Teaching Your Child to Read: What You Need to Know

I used to think that every child had to read by 5 or 6 years old. I used to fear being “behind,” and I often pushed through curriculum to stay on track.

Despite my pushing and stress, however, one of my children still had a harder time with reading due to eye convergence insufficiency and neurological disorders.

The other decided she would read by 3 years old and now reads books well above her “grade level.”

Had I based my parenting or teaching on either one of them at that time, I may have felt like a failure, or I may have been filled with pride. Neither would have been beneficial to our children or homeschool.

Through the years, I have come to learn how very different each child is, and how much more important it is for me, as a parent to encourage, support, and uplift rather than label, stress, and box.

Teaching the Whole Child

I have learned how much more important it is for little ones to play and spend time outdoors, to explore and imagine, rather than solely focus on academics. There is so much more to a child’s cognitive, emotional, and social development than learning their ABC’s by 3.

I have also learned that education is not limited to age or manmade timeframes. It is a lifelong endeavor.

If you have a little one, who is taking a bit more time to learn to read, then I want to encourage you to enjoy those precious years without worry and fear. Allow plenty of time for imaginative play and outdoor adventures. Enjoy beautiful art, bake cookies, solve puzzles, and color and paint and build.

Enjoying the Art of Language

Read aloud to your child, and discuss beautiful books together. Read poetry, sing nursery rhymes and the alphabet song, and engage in finger plays and pretend play. Talk about the clouds and the rain and the little caterpillars on the leaves. Have meaningful conversations about all of the “why’s” and the “how’s.” Share Bible stories and pray.

The skill of reading is built upon a strong understanding of language. Embrace those opportunities to engage and enjoy language together.

Then, when your child is ready and begins to show an interest in reading, introduce the letters that make up the written word.

Teaching the Alphabetic Principle

Sing the alphabet song once again, this time pointing to each letter. Put together alphabet puzzles, and practice drawing letters on the sidewalk or chalkboard with chalk. Use a salt tray for a bit of extra fun, or build letters with clay.

Watch learning videos together, such as those by LeapFrog's The Letter Factory, and go on scavenger hunts as you search for letters in books or in a pile of magnetic letters. Play with the letters, call out their names, and introduce their sounds. Watch the short video below for specific tips on teaching letter sounds.

Keep track of your child's progress in a notebook or in your Preschool/Kinder Bucket Planner. Circle the letters as they learn to identify them, and then take note when they learn their most common sounds. (Watch my free Masterclass: Planning Your Homeschool Preschool and Kindergarten in Member Freebies for more information on how to do this.)

Early reading requires a strong understanding in each of the following skills:

  1. Identifying capital letters.

  2. Identifying lowercase letters.

  3. Matching capital and lowercase letters.

  4. Learning the most common phonograms or sounds for each letter.

Make sure to provide the necessary support for future success.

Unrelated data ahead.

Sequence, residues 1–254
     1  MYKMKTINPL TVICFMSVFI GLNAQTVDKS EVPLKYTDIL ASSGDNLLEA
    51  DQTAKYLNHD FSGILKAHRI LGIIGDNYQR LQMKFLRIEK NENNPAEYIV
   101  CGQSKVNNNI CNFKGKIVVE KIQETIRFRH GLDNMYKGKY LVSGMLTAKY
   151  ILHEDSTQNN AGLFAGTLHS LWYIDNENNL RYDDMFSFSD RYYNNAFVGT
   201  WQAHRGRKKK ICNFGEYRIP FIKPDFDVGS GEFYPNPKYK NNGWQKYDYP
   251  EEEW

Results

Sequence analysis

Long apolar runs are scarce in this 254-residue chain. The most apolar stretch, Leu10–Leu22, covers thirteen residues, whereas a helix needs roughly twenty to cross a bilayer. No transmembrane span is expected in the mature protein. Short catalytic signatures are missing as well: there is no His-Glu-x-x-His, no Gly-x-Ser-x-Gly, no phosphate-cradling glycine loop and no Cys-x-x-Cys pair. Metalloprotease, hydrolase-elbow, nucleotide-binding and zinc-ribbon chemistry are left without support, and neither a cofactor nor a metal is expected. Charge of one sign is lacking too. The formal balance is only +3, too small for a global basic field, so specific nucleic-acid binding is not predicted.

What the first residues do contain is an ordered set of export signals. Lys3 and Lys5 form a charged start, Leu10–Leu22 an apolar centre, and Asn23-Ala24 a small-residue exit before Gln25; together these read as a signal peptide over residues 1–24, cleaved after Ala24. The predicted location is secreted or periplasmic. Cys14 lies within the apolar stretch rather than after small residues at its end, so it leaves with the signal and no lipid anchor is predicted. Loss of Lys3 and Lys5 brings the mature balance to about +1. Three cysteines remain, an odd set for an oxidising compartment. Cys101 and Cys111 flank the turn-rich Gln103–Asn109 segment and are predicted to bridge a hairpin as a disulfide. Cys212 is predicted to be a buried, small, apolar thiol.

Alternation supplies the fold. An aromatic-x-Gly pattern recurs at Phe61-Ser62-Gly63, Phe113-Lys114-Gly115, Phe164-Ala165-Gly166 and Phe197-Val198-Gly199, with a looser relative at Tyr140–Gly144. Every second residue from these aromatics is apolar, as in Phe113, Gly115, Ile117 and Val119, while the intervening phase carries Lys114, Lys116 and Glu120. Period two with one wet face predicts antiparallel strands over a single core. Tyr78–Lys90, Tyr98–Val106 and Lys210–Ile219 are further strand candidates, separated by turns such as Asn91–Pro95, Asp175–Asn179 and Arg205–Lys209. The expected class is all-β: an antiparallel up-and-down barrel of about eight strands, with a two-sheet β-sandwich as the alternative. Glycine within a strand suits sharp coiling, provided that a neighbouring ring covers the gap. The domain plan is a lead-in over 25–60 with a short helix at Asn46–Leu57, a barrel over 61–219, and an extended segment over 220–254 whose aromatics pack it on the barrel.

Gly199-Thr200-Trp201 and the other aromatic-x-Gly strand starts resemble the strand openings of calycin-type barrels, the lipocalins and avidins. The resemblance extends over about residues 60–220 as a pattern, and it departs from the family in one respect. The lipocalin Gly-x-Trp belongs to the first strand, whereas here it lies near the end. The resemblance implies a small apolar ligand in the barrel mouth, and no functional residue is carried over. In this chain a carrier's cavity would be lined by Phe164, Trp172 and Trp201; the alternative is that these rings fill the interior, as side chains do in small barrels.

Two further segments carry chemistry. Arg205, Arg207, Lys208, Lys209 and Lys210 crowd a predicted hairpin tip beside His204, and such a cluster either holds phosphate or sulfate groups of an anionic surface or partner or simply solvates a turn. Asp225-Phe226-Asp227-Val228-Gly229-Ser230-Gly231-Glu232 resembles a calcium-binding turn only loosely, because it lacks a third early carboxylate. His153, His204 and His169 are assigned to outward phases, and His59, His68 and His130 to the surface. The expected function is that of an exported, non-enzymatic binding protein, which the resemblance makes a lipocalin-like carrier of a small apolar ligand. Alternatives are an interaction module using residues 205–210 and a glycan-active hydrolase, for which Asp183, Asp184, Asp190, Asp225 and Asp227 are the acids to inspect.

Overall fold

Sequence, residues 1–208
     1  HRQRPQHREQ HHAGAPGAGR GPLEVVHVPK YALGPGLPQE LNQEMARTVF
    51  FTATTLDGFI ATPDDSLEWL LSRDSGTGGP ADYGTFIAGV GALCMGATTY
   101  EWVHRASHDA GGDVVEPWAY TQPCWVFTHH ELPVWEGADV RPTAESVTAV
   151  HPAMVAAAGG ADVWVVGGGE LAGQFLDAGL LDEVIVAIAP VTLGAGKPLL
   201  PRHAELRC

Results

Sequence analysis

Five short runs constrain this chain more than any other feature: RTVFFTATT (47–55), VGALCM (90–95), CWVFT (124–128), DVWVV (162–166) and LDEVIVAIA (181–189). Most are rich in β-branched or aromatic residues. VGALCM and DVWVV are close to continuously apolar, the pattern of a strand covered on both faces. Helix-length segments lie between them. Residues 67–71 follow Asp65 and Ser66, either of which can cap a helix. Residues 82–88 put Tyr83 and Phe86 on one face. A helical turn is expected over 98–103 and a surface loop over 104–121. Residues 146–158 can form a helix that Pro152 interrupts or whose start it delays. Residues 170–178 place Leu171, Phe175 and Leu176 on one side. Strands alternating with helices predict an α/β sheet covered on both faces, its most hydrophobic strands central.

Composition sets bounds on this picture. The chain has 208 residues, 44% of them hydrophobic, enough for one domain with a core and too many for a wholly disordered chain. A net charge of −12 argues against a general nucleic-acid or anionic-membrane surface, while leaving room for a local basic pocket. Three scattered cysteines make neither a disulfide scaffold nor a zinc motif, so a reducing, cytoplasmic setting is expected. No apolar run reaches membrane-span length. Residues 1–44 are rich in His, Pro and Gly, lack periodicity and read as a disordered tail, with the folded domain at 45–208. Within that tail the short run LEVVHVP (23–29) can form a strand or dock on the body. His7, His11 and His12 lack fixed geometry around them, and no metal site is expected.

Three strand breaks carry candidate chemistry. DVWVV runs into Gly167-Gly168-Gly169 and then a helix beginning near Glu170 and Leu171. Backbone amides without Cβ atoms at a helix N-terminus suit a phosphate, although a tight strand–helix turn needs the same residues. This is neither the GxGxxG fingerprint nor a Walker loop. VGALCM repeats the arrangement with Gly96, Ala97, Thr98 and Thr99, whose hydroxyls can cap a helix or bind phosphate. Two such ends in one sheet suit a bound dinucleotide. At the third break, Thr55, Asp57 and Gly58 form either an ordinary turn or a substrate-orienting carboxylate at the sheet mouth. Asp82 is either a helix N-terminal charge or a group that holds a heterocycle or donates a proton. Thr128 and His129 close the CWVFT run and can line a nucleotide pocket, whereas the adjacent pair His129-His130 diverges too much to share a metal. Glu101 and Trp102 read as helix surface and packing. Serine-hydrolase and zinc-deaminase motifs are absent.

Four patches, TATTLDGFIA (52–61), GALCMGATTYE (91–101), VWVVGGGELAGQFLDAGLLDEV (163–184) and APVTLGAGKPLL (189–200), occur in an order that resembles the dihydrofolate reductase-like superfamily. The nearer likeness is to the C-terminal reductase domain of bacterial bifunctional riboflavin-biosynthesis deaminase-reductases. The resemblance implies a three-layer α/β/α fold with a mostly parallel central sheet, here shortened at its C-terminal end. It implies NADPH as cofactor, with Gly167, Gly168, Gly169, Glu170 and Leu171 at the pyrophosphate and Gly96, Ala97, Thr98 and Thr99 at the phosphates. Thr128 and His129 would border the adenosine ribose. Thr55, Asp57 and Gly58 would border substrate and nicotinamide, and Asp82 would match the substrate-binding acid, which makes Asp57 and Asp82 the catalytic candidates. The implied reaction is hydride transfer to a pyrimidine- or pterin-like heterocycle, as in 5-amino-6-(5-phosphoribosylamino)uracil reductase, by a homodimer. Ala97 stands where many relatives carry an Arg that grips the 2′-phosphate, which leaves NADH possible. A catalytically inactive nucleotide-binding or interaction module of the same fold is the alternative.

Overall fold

Teaching Phonics and Decoding

After your child learns the basic graphemes (letters) and phonemes (sounds), then the next big step is to learn how to blend those sounds together to read words. Begin with short consonant-vowel-consonant words, such as CAT, MAT, BAT. Teach different word families, such as those that rhyme with JET, DOT, HUT, etc.

As your child gets better at this, introduce the different letter combinations, such as consonant blends (bl, fl, tr), digraphs (ch, th, sh), vowel teams (-ai-, -ay, ea), diphthongs (oi, ou, -oy), etc. to read and write new words.

Then write words on cards and tape them throughout the house: door, window, toys, books, etc. Read nursery rhymes, and point out each word, pointing out the letter combinations and phonics rules. Try copying the words on index cards and then practice putting them in order. Enjoy reading beginning readers together to apply learning, and as before, keep reading aloud and enjoying language together each day.

Your child’s brain will begin making connections between it all when he or she is developmentally ready. And when they do, they’ll be able to begin decoding and recognizing larger words in print. It’s amazing how much more easily reading happens when you wait for your child rather than imposing arbitrary standards established by a system that often leaves many children behind.

In homeschooling, there is no “behind.” There is only moving forward.

Supporting Your Child

If your younger child is not making progress early on, I want to encourage you to take a step back, put away the letters, and try again a bit later. If your child is older and still struggling with letter recognition, consider checking for eye issues. Does your child need glasses? Could your child have eye convergence insufficiency or dyslexia?

If you rule out physical challenges, consider trying a different approach. Look for a curriculum that uses a multi-sensory approach, provides adequate repetition and review, and teaches phonics in an effective and systematic way.

Nurturing Connections in Reading is the curriculum I just released that targets each of these areas in an easy "open-and-go" curriculum. Download the Teacher Manual, along with FREE samples in Member Freebies!

Other great options are as follows:

All About Reading: Pre-reading This curriculum teaches all of the capital letters, followed by the lowercase letters. Children read a short poem for